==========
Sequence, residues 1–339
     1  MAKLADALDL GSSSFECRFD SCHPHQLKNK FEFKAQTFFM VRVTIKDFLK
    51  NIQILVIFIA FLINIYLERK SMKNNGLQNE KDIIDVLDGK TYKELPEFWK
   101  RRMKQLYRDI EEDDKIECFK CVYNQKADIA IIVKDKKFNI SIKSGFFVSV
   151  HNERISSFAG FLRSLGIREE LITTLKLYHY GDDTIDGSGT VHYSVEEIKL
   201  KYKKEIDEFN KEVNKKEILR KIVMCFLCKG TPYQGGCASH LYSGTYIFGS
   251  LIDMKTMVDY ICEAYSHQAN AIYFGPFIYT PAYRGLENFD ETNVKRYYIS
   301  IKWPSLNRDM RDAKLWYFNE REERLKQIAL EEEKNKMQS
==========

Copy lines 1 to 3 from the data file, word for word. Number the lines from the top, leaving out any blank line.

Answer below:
Sequence, residues 1–339
     1  MAKLADALDL GSSSFECRFD SCHPHQLKNK FEFKAQTFFM VRVTIKDFLK
    51  NIQILVIFIA FLINIYLERK SMKNNGLQNE KDIIDVLDGK TYKELPEFWK